Bank of America
As traders walk in this morning, there are only two numbers they care about: 522 bps and 6.15% - these are the Spanish 5 year CDS and 10 Year yields, respectively, the first of which is at a record, while the second is rapidly approaching all time wides from last November. Needless to say Europe is no longer fixed. And yet despite a selloff across Asia, Europe is so far hanging in, as are the futures courtesy of a persistent BIS bid in the EURUSD just above 1.30 to keep the risk bottom from falling off. It remains to be seen if they will be successful as wrong-way positioned US traders walk in this morning.
JPM Earnings Beat Courtesy Of $0.28 Benefit From Loan Loss Reserves Despite First Increase In Nonperforming Loans In YearsSubmitted by Tyler Durden on 04/13/2012 07:33 -0400
Earlier today JPMorgan announced results that were better than expected, with revenue of $27.4 billion on expectations of $24.1 billion, and EPS of $1.31 or $5.0 billion, on expectations of $1.17. As previously noted, the bank increased its dividend to $0.30/share, and has authorized a $15 billion new repurchase, which however will likely not be a sizable factor, as JPM has already said with the stock price at the current level buybacks are not accretive. As for the EPS beat, as usual the one-time items swamped everything else, of which the primary one, reduction in loan loss reserves which is the traditional way for the bank to pump up the bottom line, accounting for $1.8 billion or $0.28/share. We are curious how Jamie Dimon will justify this accelerating release even as the firm's Nonperforming loans increased for the first time in years from $10 billion to $10.6 billion: just the TBTF put or something else? Other amusing "one-time" items were the $1.1 billion ($0.17/share) from the WaMu bankruptcy settlement as well as a $0.9 billion loss ($0.14/share) loss from DVA this time hurting the bank as JPM's CDS tightened in Q1. Also curious was a substantial $2.5 billion expense for additional litigation reserves, which is certainly not a one-time item now that every bank is suing JPM and is merely a catch up for Dimon to where he should have been reserved. That, or something else - just what is JPM seeing that others are not (hint: ask Bank of America). This number will continue rising. So net of the real one-time items, EPS was less than a $1.00.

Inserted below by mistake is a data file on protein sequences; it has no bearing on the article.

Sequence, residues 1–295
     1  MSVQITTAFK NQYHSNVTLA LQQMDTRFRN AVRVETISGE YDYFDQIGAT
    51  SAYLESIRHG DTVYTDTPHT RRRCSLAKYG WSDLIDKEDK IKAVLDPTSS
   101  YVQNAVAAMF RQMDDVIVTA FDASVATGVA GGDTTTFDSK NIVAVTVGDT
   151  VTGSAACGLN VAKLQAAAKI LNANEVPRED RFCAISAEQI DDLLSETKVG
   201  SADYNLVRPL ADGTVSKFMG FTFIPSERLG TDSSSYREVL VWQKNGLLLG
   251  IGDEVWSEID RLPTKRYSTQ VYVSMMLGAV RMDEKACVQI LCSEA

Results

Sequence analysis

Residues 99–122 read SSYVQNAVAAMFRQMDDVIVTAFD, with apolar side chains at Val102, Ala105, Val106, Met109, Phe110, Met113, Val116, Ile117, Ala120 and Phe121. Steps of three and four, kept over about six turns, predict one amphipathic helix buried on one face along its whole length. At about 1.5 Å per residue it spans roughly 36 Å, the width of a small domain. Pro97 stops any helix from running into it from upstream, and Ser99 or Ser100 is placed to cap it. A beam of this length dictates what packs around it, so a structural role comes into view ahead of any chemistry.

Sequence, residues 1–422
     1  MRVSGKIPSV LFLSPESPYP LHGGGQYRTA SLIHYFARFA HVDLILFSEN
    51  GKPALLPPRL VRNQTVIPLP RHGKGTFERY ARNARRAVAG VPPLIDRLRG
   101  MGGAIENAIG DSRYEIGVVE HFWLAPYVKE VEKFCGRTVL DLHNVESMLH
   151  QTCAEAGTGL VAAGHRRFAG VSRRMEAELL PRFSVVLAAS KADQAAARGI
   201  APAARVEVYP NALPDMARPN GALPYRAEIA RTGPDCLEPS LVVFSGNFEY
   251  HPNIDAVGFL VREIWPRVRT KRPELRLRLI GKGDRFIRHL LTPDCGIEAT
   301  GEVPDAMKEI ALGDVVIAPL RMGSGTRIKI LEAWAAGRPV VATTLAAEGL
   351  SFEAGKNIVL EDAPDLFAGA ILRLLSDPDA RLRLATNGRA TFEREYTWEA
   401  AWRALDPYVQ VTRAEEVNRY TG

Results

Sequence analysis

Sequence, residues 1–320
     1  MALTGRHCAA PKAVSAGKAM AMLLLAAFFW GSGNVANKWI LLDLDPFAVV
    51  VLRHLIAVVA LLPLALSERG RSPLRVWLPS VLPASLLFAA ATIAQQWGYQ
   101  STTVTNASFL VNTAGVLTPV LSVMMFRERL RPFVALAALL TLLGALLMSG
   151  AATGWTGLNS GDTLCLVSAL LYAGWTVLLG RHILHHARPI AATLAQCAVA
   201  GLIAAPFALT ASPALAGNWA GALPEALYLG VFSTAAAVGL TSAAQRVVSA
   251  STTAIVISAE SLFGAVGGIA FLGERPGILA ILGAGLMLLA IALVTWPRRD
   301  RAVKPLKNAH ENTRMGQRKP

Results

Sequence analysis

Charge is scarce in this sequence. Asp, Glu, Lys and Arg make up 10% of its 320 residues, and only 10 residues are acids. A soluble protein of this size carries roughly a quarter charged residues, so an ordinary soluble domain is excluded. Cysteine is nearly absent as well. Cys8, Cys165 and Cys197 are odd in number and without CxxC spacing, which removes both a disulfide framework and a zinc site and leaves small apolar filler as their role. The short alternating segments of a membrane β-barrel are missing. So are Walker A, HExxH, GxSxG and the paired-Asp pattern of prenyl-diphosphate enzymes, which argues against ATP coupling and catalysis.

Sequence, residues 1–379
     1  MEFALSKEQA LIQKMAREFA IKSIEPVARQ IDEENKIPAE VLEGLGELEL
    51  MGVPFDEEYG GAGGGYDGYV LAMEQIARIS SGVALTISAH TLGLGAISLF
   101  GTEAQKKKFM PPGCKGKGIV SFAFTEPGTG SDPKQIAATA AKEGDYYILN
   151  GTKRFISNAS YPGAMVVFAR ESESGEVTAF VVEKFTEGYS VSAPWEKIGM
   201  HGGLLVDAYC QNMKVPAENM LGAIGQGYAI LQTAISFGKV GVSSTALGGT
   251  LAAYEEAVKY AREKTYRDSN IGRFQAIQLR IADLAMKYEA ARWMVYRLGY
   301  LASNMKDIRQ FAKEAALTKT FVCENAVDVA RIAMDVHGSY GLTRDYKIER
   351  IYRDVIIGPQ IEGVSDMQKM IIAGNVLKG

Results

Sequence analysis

Back in June 2011, Zero Hedge first pointed out something very troubling: the labor share of national income had dropped to an all time low, just shy of 58%. This is quite an important number as none other than the Fed noted few years previously that "The allocation of national income between workers and the owners of capital is considered one of the more remarkably stable relationships in the U.S. economy. As a general rule of thumb, economists often cite labor’s share of income to be about two-thirds of national income—although the exact figure is sensitive to the specific data used to calculate the ratio. Over time, this ratio has shown no clear tendency to rise or fall." Yet like pretty much every other relationship in the new normal, this rule of thumb got yanked out of the socket, and the 66% rapidly became 58%. This troubling shift away from the mean prompted David Rosenberg to say that "extremes like this, unfortunately, never seem to lead us to a very stable place." Which is why we are happy to note that as of last quarter, the labor share of income has finally seen an uptick, and while certainly not back at its old normal, has finally started to tick up, which leads us to ask: have we passed the moment of peak Marxism of this particular period in US history?